Aromatic plants

Lemon balm plant

Lemon balm, medicinal plant

As a medicinal plant, lemon balm was already appreciated by Greeks and Romans, although there are few traces of it in manuscripts; in the tenth century, the Arabs considered it a good tonic, capable of dissipating sadness and discontent; in the late Middle Ages, then, it began to be widely used as a tonic and as a sedative in hysterical attacks and convulsions; moreover, with it the miraculous “water of Melissa of the Discalced Carmelites” was produced. In herbal medicine, the infusion of lemon balm is used as a tonic for the skin of the face and to rinse the hair, especially if it is oily; the decoction made with its leaves, on the other hand, can be added to the bath water to tone the body. Also, freshly picked lemon balm leaves offer relief from insect bites when applied to the affected area.

Lemon balm, medicinal plant


As a medicinal plant, lemon balm is appreciated above all for the essential oil, which is extracted from its leaves and which gives it the characteristic lemon aroma; this oil is used in the treatment of anxiety states with gastrointestinal somatization; moreover, it has an antispasmodic and anti-inflammatory action, which makes it ideal against menstrual pain, neuralgia, nausea and colitis, and acts as a calming on the nervous system and relaxing on the muscular one. In the form of an infusion, then, lemon balm is particularly suitable as a digestive or in the presence of irritability and insomnia caused by fatigue or nervousness. As for external use, lemon balm has healing, astringent and antimicrobial properties and its fresh leaf extract performs antiviral activity against herpes simplex.

Lemon balm, aromatic plant


As an aromatic plant, lemon balm is appreciated in cooking for its pleasant aroma and the lemon flavor it attributes to dishes; however, it must not be used in excessive quantities, to avoid covering the original flavor of the foods at the base of the different dishes. In the culinary field, fresh lemon balm leaves are used to flavor salads, soups, sauces for fish, jams and desserts. Furthermore, the extract is also used in the preparation of alcoholic beverages, such as some liqueurs, and to flavor vinegar.If intended for use in the kitchen, lemon balm leaves should always be picked before flowering, when they are more fragrant, and used fresh, as dried they lose most of their aromatic properties.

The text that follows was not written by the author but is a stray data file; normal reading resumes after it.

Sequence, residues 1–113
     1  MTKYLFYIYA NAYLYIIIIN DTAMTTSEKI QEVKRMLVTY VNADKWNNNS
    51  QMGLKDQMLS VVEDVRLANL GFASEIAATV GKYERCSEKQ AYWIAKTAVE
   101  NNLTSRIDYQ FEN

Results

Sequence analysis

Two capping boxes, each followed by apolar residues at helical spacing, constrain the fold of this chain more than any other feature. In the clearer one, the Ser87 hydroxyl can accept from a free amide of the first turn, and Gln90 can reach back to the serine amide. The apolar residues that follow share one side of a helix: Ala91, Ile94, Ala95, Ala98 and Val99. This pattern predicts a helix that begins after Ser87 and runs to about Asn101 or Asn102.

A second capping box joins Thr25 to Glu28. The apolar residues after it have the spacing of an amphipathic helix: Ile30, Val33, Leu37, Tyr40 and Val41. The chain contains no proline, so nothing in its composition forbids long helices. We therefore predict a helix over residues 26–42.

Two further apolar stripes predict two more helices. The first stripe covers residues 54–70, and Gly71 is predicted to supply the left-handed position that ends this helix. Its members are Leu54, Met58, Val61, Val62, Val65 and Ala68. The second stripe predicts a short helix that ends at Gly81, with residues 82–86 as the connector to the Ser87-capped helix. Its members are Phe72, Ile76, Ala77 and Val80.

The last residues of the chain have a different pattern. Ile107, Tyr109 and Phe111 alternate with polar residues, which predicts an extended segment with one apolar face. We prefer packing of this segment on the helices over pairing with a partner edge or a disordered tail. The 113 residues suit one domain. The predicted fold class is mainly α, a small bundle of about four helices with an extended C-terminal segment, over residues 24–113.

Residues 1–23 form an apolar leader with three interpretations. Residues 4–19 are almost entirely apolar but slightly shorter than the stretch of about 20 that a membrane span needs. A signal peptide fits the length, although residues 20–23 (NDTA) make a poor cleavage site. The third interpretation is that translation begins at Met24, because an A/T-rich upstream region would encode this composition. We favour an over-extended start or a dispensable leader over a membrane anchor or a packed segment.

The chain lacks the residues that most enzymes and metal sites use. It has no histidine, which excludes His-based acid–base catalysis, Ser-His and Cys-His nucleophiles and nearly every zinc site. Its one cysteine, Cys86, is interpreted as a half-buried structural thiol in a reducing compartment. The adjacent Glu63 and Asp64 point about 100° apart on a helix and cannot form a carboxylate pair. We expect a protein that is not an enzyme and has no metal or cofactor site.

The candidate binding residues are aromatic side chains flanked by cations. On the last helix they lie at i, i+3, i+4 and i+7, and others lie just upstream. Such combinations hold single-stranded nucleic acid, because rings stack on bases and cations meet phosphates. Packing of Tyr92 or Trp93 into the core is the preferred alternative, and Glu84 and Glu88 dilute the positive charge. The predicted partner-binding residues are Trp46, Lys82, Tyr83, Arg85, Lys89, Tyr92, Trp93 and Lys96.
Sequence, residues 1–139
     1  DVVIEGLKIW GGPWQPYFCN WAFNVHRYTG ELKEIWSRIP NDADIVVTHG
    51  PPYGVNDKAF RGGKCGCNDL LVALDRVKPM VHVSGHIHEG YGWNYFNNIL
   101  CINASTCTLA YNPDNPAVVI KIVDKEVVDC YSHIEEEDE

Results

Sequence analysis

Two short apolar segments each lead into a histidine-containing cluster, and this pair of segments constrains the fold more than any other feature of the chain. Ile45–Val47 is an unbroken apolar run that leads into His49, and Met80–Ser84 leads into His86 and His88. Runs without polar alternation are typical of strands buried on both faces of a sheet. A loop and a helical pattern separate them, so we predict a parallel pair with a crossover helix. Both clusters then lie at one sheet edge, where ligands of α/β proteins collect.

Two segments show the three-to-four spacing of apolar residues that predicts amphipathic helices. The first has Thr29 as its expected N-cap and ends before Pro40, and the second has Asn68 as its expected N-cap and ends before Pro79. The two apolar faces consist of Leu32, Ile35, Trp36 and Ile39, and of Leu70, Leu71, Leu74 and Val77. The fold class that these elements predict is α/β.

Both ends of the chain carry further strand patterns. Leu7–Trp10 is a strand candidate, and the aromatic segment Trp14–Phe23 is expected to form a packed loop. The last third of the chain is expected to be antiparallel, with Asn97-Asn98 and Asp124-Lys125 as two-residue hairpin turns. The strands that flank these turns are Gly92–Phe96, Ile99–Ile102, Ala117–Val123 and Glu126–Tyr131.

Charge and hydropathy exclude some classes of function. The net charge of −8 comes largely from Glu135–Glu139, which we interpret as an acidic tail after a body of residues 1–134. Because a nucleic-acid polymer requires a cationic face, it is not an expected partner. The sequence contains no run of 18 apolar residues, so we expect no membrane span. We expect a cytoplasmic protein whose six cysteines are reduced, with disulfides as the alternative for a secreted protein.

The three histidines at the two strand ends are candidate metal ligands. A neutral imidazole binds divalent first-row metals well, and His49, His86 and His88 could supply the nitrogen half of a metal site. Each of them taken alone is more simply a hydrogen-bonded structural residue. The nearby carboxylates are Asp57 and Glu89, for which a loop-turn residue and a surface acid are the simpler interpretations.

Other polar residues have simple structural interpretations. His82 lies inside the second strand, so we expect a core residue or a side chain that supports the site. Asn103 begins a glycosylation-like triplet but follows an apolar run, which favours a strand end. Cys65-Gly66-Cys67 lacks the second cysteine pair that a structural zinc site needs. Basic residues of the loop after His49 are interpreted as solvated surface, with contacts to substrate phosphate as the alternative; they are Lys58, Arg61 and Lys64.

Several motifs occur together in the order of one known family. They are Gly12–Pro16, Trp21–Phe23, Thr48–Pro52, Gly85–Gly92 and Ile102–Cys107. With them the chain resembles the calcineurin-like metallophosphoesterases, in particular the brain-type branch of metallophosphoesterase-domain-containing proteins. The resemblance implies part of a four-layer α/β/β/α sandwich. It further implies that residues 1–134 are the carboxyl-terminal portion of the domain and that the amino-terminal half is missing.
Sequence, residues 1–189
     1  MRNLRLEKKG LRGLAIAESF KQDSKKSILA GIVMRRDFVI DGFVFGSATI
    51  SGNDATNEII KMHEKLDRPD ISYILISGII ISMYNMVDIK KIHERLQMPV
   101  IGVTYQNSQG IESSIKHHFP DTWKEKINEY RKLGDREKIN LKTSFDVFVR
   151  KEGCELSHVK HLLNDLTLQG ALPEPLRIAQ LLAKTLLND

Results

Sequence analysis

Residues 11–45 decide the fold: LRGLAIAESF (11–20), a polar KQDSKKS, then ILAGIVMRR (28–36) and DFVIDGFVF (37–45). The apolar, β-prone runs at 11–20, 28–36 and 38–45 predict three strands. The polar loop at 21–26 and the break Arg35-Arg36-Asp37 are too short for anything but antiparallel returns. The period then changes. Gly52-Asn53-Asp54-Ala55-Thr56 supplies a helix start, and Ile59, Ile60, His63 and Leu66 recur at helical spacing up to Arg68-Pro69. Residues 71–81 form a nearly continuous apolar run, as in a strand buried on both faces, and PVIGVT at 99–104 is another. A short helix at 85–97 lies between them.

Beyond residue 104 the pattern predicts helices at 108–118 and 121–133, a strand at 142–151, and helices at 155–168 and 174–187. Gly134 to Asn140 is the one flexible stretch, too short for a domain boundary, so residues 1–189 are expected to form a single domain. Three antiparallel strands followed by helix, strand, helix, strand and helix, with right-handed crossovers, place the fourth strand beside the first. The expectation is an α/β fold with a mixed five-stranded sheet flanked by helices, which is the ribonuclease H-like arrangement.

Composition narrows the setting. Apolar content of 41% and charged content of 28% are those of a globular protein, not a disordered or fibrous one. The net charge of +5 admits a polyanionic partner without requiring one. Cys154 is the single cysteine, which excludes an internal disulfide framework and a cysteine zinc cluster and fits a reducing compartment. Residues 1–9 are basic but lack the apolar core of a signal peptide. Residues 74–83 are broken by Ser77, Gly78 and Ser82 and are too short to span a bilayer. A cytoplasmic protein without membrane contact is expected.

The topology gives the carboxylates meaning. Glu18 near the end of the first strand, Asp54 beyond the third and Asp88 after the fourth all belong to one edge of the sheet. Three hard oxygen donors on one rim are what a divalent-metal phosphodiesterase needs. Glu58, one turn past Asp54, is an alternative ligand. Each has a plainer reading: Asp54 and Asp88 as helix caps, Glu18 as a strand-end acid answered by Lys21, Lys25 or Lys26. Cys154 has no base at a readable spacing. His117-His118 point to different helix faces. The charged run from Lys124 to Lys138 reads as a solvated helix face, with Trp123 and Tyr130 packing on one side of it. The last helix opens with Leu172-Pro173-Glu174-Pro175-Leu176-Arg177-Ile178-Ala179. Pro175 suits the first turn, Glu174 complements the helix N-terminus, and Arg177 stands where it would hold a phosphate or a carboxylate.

Lemon balm plant: The lemon balm plant: properties


As already mentioned, lemon balm has above all calming and sedative properties, thanks to the action of some flavonoids contained in it, which perform an activity similar to that of benzodiazepines. More generally, it can be said that its properties are aromatizing, digestive, choleretic and antispasmodic; moreover, it has a tonic and stimulating action on the organism. However, there are some contraindications to taking derivatives from lemon balm: first of all, an excessive dosage can cause states of anxiety and / or agitation; moreover, the use of lemon balm is not recommended in the presence of glaucoma, as in some cases an increase in intraocular pressure has been found, and hypothyroidism, especially when following a therapy based on thyroid hormones, given that phenomena have occurred of interference.

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